Jul 11 2012 4:00pm

What to Expect When You’re Expecting An Extra Hunger Games Movie

Since Lionsgate has announced that they’re officially expanding the Hunger Games trilogy into four movies by splitting the final book into two parts (echoing the treatment of the Twilight and Harry Potter film series), I’ve been attempting to figure out how to feel about the news. On one hand, I’m certainly a fan, so I suppose I should be happy about having an extra film to look forward to, and more Hunger Games to love. On the other hand, I’m curious about how the split is going to work in terms of the narrative, and how it will affect which elements of the series are foregrounded in the adaptation.

[Spoiler warning: if you haven’t read Mockingjay yet, and don’t want any plot points revealed, you should stop reading here.]

I’ve written about Mockingjay here before, and I think it’s actually a better conclusion to the series than many people give it credit for, but I can also see why it’s the least favorite installment of the series, for many fans. So much of the book is concerned with Katniss’s inner turmoil, and mental and emotional trauma—how well will that translate on screen?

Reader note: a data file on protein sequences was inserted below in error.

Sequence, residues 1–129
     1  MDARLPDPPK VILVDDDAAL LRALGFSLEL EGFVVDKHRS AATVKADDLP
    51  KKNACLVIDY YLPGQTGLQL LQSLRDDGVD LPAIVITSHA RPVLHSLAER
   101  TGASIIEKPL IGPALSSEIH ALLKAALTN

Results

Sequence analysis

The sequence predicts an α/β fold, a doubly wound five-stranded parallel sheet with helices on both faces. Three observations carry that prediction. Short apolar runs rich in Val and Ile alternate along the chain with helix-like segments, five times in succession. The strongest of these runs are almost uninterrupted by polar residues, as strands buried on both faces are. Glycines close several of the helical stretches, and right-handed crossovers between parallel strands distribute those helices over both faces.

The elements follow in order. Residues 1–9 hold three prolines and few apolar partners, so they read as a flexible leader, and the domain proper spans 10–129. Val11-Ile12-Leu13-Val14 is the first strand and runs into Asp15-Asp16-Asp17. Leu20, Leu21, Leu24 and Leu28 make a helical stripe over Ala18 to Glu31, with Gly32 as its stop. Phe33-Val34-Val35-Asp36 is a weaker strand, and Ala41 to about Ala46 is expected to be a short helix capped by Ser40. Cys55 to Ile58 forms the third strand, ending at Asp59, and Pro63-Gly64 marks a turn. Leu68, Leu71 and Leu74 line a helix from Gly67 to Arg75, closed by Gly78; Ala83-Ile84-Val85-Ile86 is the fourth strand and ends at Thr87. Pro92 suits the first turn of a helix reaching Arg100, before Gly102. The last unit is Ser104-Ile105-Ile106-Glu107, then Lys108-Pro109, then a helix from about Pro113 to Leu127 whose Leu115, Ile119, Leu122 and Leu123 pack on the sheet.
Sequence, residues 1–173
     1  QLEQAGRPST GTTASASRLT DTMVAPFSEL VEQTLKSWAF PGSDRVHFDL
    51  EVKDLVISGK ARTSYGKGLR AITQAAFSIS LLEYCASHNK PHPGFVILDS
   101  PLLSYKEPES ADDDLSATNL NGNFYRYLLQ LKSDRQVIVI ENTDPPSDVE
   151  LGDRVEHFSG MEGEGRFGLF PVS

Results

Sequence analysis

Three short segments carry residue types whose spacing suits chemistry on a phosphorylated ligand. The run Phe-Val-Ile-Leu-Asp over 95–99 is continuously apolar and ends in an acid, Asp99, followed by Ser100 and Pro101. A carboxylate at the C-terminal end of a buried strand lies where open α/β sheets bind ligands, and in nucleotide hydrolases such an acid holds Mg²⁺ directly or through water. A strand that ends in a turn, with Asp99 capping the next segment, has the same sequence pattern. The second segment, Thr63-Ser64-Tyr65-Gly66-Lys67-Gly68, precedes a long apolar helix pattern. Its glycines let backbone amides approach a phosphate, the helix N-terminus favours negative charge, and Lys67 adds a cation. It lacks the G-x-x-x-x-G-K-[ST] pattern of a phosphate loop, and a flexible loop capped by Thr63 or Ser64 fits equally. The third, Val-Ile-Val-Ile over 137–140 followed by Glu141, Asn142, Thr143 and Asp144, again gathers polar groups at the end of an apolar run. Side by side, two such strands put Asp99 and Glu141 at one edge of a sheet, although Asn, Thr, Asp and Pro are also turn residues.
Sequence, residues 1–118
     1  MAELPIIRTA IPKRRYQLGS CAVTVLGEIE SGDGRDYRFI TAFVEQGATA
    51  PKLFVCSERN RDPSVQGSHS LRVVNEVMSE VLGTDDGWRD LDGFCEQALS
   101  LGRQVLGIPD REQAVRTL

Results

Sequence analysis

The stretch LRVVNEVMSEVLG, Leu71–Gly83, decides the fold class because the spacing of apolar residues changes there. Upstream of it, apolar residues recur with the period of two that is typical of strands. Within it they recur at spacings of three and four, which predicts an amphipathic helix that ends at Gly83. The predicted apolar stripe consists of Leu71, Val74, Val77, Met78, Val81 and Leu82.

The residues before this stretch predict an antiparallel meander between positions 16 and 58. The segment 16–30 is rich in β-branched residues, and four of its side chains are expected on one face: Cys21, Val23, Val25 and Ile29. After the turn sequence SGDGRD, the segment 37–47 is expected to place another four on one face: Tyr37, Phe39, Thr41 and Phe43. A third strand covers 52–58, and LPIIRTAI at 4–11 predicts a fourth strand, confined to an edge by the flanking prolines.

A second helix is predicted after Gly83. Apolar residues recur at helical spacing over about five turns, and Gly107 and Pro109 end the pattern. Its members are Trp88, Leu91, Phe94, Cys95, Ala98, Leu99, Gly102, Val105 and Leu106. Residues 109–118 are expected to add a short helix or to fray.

There’s certainly enough action to fill two movies, but I can only imagine that the book’s intense focus on our protagonist’s internal struggles won’t completely carry over—and perhaps it will be an improvement, if the alternative is two hours of mopey Katniss fighting with Gale and skulking moodily around District Thirteen. As much as I appreciate Suzanne Collins’ efforts at establishing the psychological factors that lead inexorably toward the series’ climax, I doubt the movies will depart from the  pacing and constant action of the first two novels nearly as much as the third book did.

I also wonder whether the extra installment will give the filmmakers an excuse to heavily foreground the love triangle, playing up the Peeta/Gale rivalry as much as possible. Personally, I hope that doesn’t turn out to be the case—I was actually quite pleased with how little it factored into the first movie—although I’m sure many fans don’t feel the same way. I’d prefer the romantic angle to remain secondary to the larger, life-and-death plot points of the rebellion against the capital, but something tells me that the melodrama of tragic, damaged pretty people in love will be too irresistible for Hollywood. At least hijacked Peeta will be crazy a lot of the time, which might make up for all of the jaw-clenching angryhandsomeface we’re in for….